Q and A
DIRECTOR Q AND A
How did you get involved with this film?
What was it about the story that appealed to you?
First of all I was very inspired by the lead character – a strong, bright woman making her way in a man’s world, she is confident, and never lets go. When Alison was pitching the idea to me she used the image of a woman who has the rug pulled out from under her feet. I had never heard the phrase before but it was very evocative, I could see it and get the emotion of it.
What inspired me was the element of darkness and ambiguity in the relationship. We never really know very much about Kahil – he just appears in Frankie’s life, apparently out of nowhere. She falls in love but soon starts to doubt him. So we have the potency of love, placed in conflict with the power of fear and distrust, which begin to seep into the cracks in the relationship.
I also felt there was an interesting parallel between this intimate story and wider world of politics: how distrust and fear leads to conflict and destruction both on the intimate human level as well as in politics; how we are all affected by global conflicts and how we are part of them; how our social, cultural and racial background determines our actions and feelings; and how we are trapped in it. Those are themes that fascinate me and in “Flying Blind” and I felt I could explore them through the love story.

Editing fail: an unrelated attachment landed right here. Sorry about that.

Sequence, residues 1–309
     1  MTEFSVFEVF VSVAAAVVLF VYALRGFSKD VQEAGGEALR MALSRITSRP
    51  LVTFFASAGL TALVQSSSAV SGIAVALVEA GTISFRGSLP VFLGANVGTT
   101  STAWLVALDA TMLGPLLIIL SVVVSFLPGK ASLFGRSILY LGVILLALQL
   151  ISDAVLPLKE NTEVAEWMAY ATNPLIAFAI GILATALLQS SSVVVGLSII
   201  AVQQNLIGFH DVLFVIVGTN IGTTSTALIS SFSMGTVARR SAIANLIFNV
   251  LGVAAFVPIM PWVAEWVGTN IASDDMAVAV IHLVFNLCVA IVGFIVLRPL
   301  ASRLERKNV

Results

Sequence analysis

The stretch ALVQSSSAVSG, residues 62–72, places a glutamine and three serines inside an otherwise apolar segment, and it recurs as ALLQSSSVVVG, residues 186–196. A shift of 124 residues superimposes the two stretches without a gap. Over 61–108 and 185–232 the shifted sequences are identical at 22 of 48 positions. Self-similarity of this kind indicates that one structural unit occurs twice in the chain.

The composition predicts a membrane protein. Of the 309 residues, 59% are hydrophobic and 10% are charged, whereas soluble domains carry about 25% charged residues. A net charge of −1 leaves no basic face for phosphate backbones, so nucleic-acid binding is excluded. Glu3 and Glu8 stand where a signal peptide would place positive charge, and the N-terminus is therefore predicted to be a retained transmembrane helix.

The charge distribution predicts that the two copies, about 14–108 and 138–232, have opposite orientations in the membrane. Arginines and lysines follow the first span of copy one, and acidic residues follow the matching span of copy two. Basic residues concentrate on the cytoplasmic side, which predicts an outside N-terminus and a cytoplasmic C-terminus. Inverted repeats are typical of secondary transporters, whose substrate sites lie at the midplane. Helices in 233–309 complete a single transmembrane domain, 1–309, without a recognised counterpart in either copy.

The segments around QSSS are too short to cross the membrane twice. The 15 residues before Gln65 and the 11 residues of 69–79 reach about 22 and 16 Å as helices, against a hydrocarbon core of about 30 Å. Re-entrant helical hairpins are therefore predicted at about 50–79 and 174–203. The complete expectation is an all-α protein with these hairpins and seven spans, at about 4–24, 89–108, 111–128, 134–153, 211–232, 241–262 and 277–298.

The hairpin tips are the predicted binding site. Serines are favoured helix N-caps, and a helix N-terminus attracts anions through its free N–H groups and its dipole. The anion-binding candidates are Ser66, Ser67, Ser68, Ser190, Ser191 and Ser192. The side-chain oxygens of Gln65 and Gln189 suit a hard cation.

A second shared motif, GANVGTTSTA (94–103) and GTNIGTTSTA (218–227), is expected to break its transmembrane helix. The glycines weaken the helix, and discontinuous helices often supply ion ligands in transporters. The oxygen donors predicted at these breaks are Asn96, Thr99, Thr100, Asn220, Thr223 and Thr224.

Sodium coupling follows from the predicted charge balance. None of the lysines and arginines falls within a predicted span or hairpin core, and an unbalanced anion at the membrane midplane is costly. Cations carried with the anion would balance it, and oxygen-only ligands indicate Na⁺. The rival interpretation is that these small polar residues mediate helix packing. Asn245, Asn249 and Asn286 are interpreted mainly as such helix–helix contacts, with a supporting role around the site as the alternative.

How was the process of developing the script?
We spent a long time in development. This was the first time I had worked in collaboration with a writer. Up until this film, I had always written my own (short film) scripts, so I found it new and exciting but quite challenging at the same time, knowing when to step forward as a director and when to let the writer just have their space. Alison and I worked very closely with two sets of writers, always sharing ideas and firing off each other. We were developing the script as part of a scheme for up-and-coming filmmakers so we had a lot of input from our three executive producers. For a first time feature director, working in a foreign language, it was a steep learning curve.
This was your first time working with a cast of professional actors – how did you prepare for this?